IUCD related uterine perforation
Patient presented with right sided flank pain. She had a history of renal stones, so an unenhanced CT scan was performed for evaluation of renal stones.
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Unenhanced abdominal CT shows an intrauterine device, which has migrated from the lumen of the uterus through the uteral wall and part of the device is now intra-abdominally located. No signs of fat infiltration, free fluid or air in the abdomen. So, no signs of further complications.
Uterine perforation is a serious complication. It occurs in roughly 1/1000 cases. There are not many risk factors documented, but lactating and having had a baby within 6 months prior to placement are risk factors. The degree of malpositioning of an intrauterine device can range from embedment in the myometrium to complete perforation.1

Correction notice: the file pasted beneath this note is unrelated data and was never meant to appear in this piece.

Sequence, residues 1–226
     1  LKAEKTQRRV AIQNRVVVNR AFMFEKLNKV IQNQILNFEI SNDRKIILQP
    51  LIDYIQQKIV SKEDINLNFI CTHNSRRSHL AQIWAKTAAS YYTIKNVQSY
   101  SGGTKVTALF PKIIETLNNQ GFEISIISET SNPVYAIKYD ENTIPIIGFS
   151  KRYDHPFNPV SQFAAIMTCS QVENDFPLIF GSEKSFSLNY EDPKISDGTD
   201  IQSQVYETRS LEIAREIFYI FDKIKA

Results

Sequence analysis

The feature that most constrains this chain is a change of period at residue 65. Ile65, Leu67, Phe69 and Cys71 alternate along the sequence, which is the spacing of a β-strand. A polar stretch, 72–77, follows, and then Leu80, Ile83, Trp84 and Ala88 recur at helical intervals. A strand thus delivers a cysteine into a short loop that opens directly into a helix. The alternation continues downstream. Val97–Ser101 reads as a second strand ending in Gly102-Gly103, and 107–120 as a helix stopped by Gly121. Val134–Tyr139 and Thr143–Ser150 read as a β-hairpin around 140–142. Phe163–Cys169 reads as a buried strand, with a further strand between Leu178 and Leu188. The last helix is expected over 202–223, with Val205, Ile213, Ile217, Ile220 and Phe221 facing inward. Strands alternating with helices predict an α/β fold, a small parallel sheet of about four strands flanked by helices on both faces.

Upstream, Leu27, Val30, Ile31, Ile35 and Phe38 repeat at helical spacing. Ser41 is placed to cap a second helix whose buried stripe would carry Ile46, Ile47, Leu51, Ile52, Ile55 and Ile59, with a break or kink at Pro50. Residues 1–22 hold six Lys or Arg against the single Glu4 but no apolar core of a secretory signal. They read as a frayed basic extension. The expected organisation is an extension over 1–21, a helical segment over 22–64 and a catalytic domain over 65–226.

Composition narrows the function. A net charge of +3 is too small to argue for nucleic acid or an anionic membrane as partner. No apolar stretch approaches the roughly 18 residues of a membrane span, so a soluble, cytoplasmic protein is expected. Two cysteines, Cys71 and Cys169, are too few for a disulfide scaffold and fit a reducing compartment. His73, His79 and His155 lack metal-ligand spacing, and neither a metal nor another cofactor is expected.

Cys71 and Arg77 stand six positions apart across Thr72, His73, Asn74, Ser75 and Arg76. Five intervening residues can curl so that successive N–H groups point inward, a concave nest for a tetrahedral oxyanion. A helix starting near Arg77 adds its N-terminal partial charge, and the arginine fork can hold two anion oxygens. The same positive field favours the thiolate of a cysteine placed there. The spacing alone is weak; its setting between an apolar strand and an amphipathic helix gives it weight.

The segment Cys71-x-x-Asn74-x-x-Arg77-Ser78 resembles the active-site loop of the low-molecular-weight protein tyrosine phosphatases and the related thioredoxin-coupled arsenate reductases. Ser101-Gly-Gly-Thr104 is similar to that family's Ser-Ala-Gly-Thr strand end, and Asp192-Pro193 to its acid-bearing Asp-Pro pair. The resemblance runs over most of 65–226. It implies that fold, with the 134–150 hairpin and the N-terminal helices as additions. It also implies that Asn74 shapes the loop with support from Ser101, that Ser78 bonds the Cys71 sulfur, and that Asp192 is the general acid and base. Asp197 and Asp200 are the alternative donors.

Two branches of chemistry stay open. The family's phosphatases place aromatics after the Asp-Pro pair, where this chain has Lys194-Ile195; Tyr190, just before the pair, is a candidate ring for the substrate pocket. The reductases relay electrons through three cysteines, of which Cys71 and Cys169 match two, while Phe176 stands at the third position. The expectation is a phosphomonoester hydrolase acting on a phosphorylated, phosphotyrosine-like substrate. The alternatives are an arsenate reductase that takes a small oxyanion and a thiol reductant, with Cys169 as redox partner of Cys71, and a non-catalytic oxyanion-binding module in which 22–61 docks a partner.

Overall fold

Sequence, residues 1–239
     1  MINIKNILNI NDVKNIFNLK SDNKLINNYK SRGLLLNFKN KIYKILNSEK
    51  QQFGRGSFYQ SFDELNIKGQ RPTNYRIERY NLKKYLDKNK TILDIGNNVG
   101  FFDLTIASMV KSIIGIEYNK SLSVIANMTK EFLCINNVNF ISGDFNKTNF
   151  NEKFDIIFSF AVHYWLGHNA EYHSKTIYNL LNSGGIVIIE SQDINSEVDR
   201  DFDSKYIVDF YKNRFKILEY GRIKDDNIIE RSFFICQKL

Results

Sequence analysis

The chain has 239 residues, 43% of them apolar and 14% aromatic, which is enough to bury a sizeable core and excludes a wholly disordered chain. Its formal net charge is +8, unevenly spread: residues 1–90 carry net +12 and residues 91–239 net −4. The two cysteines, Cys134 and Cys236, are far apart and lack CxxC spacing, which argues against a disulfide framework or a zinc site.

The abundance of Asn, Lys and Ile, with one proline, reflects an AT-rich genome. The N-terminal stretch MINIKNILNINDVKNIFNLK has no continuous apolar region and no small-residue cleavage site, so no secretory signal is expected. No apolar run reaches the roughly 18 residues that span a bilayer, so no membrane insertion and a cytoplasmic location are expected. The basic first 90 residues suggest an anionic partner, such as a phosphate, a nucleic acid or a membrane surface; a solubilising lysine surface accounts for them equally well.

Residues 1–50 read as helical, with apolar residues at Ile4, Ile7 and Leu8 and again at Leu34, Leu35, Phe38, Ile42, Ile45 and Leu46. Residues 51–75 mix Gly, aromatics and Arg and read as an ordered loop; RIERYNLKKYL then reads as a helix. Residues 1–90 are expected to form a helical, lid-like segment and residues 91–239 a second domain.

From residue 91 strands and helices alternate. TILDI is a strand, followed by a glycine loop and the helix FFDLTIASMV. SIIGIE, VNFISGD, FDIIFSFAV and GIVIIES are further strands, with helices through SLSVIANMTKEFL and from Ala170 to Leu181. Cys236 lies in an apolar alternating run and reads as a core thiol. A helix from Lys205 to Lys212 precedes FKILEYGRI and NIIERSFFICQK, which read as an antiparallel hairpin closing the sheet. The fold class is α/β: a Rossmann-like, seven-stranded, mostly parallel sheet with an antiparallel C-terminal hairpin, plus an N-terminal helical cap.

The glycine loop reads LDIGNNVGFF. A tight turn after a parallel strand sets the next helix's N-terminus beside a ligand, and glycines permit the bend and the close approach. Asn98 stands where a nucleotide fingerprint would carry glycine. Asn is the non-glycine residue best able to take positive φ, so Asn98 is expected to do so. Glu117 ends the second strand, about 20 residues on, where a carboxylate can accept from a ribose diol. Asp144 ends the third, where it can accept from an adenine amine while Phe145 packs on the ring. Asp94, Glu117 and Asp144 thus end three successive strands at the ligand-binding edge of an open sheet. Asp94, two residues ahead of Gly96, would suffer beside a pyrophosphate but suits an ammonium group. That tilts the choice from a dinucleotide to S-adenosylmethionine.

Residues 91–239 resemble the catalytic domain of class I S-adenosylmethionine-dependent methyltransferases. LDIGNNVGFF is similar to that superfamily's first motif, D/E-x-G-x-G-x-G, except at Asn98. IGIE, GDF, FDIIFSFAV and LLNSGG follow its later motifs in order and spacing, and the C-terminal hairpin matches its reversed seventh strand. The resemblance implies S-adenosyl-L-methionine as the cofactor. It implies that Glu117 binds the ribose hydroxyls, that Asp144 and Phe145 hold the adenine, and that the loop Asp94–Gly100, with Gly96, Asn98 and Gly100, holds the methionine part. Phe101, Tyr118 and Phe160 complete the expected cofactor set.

Malpositioning of the IUD can be assessed by ultrasound, but CT can be used to exclude other causes, to evaluate the precise location and to assess possible complications that have occurred.